In announcing the new policy, the library said its board of trustees “is dedicated to creating a library that is more open, equitable and understanding of our community,” and explained that “eliminating fines for overdue materials means more people in our community have greater access to the Library’s vital materials, resources and services.”
“Every day is a day for learning. Chicagoans need and deserve access to information and technology every day of the week. Adding Sunday hours in libraries across the city is an important step in our commitment to equity and access,” said CPL Commissioner Chris Brown. “Mayor Lightfoot’s leadership and support for expanded Sunday hours has been instrumental in bringing this opportunity to all Chicagoans.”
“Equal and equitable access to information is a core value of libraries,” said Director of Libraries Eva Poole. “Removing overdue fines from youth accounts is a first step in removing economic barriers to accessing library materials, especially for children who may need us the most. Inability to pay fines may prevent families from returning materials or visiting the library at all. The goal is to get the materials back into our collection, and to encourage families to continue using the library.”
From picture books onwards, “home” as a predictable, stable and safe place is a central subject despite a significant percentage of people who experience homelessness. These experiences are not often written about and if they are, not positively reflected in literature. To create more equitable literacy learning environments, as well as providing a counterpoint to the negative images so often created, we need opportunities to explore economic diversity and to challenge harmful discourses about people experiencing homelessness.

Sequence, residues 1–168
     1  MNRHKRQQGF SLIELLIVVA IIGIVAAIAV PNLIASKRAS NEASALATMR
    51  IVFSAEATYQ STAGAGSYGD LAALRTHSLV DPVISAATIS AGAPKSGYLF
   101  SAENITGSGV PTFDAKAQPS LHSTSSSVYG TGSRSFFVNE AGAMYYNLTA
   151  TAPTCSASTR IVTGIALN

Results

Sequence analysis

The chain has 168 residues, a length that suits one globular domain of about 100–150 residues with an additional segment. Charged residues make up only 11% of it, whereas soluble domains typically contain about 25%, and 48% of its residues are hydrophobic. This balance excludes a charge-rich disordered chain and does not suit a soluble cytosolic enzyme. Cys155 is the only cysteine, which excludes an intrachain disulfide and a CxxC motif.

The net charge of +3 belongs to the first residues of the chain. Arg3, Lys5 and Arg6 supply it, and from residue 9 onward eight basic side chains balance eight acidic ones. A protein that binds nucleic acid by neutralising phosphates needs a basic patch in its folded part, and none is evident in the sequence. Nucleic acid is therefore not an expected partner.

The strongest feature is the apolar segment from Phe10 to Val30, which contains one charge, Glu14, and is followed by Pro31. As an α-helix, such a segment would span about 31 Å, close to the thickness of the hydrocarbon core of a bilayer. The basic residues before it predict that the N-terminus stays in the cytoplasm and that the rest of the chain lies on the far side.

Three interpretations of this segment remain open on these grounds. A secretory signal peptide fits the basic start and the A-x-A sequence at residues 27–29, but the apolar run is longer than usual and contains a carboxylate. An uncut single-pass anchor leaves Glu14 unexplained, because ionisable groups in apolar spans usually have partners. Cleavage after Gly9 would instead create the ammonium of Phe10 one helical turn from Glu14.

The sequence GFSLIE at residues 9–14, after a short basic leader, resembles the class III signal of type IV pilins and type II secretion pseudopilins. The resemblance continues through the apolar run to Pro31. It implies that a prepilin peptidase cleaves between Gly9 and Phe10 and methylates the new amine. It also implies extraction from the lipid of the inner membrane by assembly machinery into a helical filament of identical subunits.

With this in mind, the Hunger, Homelessness and Poverty Task Force of SRRT (HHPTF) is creating a booklist of recommended books for all ages, as well as a guide to help with selecting books that are respectful and supportive of people who are experiencing homelessness.
Sandy Berman is a retired librarian who started the “Committee for the Abolition of Library Fines.” He said he feels locking out a child from libraries due to an overdue book is contradictory to the mission of libraries.
“The San Francisco Public Library Commission has already recommended eliminating library fines, but on Thursday it voted to forgive existing fines as well.
The decision comes as the San Francisco Public Library is on the verge of a new fine-free chapter, after officially recognizing the punitive practice creates an ‘unfair barrier to access, which disproportionately impacts residents of lower socioeconomic status.'”